Sharpenhoe Clappers

Sharpenhoe Clappers is a classic chalk escarpment and part of the Chilterns Area of Outstanding Natural Beauty. It is crowned with traces of an Iron Age hill-fort and an impressive beech wood.



The word ‘clappers’ derivers from the Latin ‘claperius’ for a rabbit hole. Rabbit warrens provided meat, fur and leather and used to be an important part of the economy here.

This Promontory hill-fort, located at the edge of an ice sheet formed during the last ice age, has a comanding view over a flattened plain.  Now the hillfort is within trees, but can be seen very clearly from Harlington.

A hill fort is a type of earthworks used as a fortified refuge or defended settlement, located to exploit a rise in elevation for defensive advantage. They are typically European and of the Bronze and Iron Ages. Some were used in the post-Roman period. The fortification usually follows the contours of a hill, consisting of one or more lines of earthworks, with stockades or defensive walls, and external ditches. Hill forts developed in the Late Bronze and Early Iron Age, roughly the start of the first millennium BC, and were in use in many Celtic areas of central and western Europe until the Roman conquest.

The hill fort was constructed in the Iron Age.  The Iron Age is the period generally occurring after the Bronze Age, marked by the prevalent use of iron.  The early period of the age is characterized by the widespread use of iron or steel. The adoption of these materials coincided with other changes in society, including differing agricultural practices, religious beliefs and artistic styles. The Iron Age as an archaeological term indicates the condition as to civilization and culture of a people using iron as the material for their cutting tools and weapons.

In historical archaeology, the ancient literature of the Iron Age includes the earliest texts preserved in manuscript tradition. Sanskrit and Chinese literature flourished in the Iron Age. Other texts include the Avestan Gathas, the Indian Vedas and the oldest parts of the Hebrew Bible. The principal feature that distinguishes the Iron Age from the preceding ages is the introduction of alphabetic characters, and the consequent development of written language which enabled literature and historic record.

The beginning of the Iron Age in Europe and adjacent areas is characterized by certain forms of implements, weapons, personal ornaments, and pottery, and also by systems of decorative design, which are altogether different from those of the preceding age of bronze. The work of blacksmiths—developing implements and weapons—are hammered into shape, and, as a consequence, gradually departed from the stereotyped forms of their predecessors in the Bronze Age, of which objects were cast, and the system of decoration, which in the Bronze Age consisted chiefly of a repetition of rectilinear patterns, gave way to a system of curvilinear and flowing designs. The term “Iron Age” has low chronological value, because it did not begin simultaneously across the entire world. The dates and context vary depending on the region, and the sequence of ages is not necessarily true for every part of the earth’s surface. There are areas, such as the islands of the South Pacific, the interior of Africa, and parts of North and South America, where peoples have passed directly from the use of stone to the use of iron without an intervening age of bronze.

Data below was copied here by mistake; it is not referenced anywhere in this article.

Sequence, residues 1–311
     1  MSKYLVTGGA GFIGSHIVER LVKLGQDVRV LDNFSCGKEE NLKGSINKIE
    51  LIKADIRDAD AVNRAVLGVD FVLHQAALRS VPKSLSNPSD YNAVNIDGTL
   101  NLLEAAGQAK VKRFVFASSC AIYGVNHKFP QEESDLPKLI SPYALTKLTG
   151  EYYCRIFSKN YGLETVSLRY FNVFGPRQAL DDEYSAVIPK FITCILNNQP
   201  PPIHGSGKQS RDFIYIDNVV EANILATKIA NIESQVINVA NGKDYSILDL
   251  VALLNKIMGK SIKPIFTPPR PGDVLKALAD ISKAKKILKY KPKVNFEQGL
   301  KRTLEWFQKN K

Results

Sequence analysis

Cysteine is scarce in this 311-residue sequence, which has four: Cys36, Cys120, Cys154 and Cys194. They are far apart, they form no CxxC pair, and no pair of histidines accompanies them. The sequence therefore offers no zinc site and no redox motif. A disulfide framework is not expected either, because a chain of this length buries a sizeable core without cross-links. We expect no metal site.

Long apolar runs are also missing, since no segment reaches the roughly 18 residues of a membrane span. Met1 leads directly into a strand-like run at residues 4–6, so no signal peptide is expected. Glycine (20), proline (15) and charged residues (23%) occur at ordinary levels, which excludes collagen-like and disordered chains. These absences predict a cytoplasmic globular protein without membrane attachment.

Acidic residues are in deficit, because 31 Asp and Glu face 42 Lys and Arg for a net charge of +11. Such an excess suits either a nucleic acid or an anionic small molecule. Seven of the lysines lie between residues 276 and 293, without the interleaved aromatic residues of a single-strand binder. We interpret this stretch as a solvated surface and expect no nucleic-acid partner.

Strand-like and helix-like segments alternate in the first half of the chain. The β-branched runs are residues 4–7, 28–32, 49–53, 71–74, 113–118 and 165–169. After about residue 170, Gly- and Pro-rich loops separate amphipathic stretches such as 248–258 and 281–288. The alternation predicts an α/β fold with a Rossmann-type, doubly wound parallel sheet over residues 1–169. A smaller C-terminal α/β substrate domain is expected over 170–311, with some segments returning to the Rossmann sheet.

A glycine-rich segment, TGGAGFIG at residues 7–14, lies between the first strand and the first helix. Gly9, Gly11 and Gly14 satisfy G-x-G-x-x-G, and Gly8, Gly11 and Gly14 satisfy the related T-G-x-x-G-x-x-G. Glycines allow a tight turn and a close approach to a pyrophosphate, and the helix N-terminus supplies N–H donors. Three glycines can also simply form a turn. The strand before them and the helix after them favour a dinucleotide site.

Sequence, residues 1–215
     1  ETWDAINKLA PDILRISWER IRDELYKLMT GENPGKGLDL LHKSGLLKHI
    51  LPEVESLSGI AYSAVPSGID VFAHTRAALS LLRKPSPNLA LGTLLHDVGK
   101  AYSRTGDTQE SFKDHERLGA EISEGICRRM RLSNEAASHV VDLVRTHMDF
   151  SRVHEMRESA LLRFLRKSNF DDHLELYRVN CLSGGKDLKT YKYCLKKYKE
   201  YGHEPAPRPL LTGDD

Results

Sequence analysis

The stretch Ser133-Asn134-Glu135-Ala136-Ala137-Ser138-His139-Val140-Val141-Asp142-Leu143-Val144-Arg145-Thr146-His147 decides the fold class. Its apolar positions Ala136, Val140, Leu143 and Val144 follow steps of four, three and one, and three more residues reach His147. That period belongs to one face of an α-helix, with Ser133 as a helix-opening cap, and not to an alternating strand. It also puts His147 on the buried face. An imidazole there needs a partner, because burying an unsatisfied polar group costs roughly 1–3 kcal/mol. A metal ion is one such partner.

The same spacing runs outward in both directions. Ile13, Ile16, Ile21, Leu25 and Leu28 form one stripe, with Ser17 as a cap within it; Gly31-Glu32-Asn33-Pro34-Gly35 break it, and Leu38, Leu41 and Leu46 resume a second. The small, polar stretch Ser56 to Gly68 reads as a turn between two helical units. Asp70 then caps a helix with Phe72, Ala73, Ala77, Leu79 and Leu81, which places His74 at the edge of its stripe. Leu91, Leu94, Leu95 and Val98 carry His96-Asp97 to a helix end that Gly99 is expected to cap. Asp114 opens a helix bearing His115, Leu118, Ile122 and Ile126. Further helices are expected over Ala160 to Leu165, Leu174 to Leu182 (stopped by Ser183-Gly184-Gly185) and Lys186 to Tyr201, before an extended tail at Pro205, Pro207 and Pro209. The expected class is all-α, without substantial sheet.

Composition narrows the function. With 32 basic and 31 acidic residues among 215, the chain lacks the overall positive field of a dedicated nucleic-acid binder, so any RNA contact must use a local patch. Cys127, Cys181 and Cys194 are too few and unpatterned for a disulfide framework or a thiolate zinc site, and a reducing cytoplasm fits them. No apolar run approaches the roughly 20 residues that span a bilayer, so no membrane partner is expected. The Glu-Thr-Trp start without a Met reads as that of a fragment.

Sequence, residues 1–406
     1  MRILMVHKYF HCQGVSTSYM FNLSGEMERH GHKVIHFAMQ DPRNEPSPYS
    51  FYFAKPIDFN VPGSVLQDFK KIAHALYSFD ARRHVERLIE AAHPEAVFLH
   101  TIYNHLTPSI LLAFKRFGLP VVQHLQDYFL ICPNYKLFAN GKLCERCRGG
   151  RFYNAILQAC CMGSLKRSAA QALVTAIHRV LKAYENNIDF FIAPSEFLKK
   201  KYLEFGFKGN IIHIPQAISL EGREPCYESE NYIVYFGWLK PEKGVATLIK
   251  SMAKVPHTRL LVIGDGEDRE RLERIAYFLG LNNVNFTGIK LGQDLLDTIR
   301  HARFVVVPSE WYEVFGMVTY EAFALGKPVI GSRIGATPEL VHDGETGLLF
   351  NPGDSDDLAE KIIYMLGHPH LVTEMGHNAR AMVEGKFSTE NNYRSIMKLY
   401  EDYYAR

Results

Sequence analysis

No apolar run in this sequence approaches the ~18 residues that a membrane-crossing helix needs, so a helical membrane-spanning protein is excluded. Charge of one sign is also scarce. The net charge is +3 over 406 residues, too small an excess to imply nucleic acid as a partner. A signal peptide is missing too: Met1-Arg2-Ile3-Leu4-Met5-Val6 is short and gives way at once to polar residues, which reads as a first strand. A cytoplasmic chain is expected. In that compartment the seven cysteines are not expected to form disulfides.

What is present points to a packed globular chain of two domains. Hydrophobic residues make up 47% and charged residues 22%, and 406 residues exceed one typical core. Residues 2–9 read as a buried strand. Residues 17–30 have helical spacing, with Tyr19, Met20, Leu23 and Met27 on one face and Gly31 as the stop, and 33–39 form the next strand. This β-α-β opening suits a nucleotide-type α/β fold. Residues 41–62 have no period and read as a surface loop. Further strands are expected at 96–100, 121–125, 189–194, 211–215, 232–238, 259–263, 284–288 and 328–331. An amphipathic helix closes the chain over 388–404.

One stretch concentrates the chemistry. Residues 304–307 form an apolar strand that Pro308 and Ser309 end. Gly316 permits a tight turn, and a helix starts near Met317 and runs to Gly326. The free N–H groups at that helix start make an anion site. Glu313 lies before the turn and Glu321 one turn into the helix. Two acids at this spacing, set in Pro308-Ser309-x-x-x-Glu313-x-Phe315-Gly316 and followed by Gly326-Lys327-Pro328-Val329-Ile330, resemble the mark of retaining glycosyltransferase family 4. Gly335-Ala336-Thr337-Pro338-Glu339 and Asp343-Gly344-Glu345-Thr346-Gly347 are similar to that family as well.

iron age hill fort sharpenhoe

This hill fort was built on a northern promontory of the Chiltern Hills, strategically overlooking the flat plains beneath.
The hill rises to 525 feet, providing excellent views, and is fringed by Clappers Wood. Trails lead through the wood, and wildflowers abound in summer.

Location: North of Luton, just off the A6. Parking in a layby at TL065305 on the road to Barton-le-Cley

The Dunstable Downs are home to at least six Neolithic burial mounds. Near Hexton is Wayting Hill, a round barrow that is said to be home to a sleeping warrior.

The hill top beech wood on the Clappers comes alive in the summer with the sound of skylarks and the chalk grasslands on the slopes below are important for many species of butterfly.

Hillforts are an iconic feature of the Chilterns landscape but many are poorly conserved and little is known about them. New potential hillfort sites are still being identified in the Chilterns.

Sharpenhoe is a small village west of Barton le Clay and north of Streatley in an Area of outstanding Natural Beauty. It lies in the Streatley civil parish which had a population of 1,707 in the 2001 Census. The village is dominated by Sharpenhoe Clappers, a beech tree clad chalk escarpment to the southeast.

In the late nineteenth century the gault clay to the north and northeast of Sharpenhoe was dug to extract coprolites. These are pellets which which are high in phosphorous, and are basically fossilised fæces, known locally as ‘dinosaur dung’.

Sharpenhoe Clappers sits on a promontory of chalk downland that stands 60 metres above the surrounding flat plain and is said to be haunted by the ghost of Cassivellaunus.

Cassivellaunus was a British chieftain who led this island’s defences against the Romans during Julius Cæsar’s second expedition to Britain in 54 BCE. His territory was north of the Thames and corresponds with that of the Catuvellauni tribe.

Now he appears as a cloud on Sharpenhoe Clappers and not as a human figure as he is said to be wearing his cloak of invisibility which he used to hide his army from that of Cæsar.

Chiltern Clouds

Chiltern Clouds





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